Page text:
The Lake

In youth's spring, it was my lot 
To haunt of the wide earth a spot 
The which I could not love the less; 
So lovely was the loneliness 
Of a wild lake, with black rock bound, 
And the tall trees that tower'd around. 
But when the night had thrown her pall 
Upon that spot-as upon all, 
And the wind would pass me by 
In its stilly melody, 
My infant spirit would awake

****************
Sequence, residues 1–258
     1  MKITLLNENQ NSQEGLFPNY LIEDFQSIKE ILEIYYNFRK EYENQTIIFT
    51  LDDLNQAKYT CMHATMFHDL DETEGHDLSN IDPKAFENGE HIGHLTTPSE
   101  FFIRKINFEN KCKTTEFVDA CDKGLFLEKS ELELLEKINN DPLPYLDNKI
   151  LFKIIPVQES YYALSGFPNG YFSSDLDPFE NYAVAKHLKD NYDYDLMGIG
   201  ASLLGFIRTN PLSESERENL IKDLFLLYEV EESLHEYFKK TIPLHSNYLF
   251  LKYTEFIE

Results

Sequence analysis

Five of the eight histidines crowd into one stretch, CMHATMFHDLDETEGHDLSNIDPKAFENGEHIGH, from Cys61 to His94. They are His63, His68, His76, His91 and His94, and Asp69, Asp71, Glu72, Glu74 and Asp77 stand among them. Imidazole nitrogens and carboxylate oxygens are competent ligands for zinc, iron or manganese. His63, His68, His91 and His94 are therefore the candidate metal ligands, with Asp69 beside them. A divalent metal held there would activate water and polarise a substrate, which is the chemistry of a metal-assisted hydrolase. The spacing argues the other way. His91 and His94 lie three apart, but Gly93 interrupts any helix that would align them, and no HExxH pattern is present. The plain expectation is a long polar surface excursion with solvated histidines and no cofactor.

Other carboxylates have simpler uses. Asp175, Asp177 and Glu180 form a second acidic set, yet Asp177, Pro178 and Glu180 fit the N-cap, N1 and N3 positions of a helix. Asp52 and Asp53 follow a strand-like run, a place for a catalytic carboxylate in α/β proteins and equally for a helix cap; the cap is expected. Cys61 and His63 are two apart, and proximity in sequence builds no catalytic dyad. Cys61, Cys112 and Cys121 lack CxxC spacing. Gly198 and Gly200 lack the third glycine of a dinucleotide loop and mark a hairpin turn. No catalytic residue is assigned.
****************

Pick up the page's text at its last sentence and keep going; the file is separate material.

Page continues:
To theterror of the lone lake. 

Yet that terror was not fright- 
But a tremulous delight, 
And a feeling undefin'd, 
Springing from a darken'd mind. 
Death wasin that poison'd wave 
And in its gulf a fitting grave 
For him who thence could solace bring
To his dark imagining; 
Whose wild'ring thought could even make 
An Eden of that dim lake.